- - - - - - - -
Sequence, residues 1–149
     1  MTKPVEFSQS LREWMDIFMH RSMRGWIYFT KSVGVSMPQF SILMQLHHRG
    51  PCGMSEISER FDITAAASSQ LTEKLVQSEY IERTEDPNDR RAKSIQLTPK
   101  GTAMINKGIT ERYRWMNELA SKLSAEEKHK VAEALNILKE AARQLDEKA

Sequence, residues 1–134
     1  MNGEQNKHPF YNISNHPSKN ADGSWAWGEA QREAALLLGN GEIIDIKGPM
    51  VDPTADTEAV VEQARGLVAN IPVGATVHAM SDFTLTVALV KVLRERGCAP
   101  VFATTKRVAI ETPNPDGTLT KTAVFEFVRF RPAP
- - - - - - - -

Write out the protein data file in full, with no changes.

Sequence, residues 1–149
     1  MTKPVEFSQS LREWMDIFMH RSMRGWIYFT KSVGVSMPQF SILMQLHHRG
    51  PCGMSEISER FDITAAASSQ LTEKLVQSEY IERTEDPNDR RAKSIQLTPK
   101  GTAMINKGIT ERYRWMNELA SKLSAEEKHK VAEALNILKE AARQLDEKA

Sequence, residues 1–134
     1  MNGEQNKHPF YNISNHPSKN ADGSWAWGEA QREAALLLGN GEIIDIKGPM
    51  VDPTADTEAV VEQARGLVAN IPVGATVHAM SDFTLTVALV KVLRERGCAP
   101  VFATTKRVAI ETPNPDGTLT KTAVFEFVRF RPAP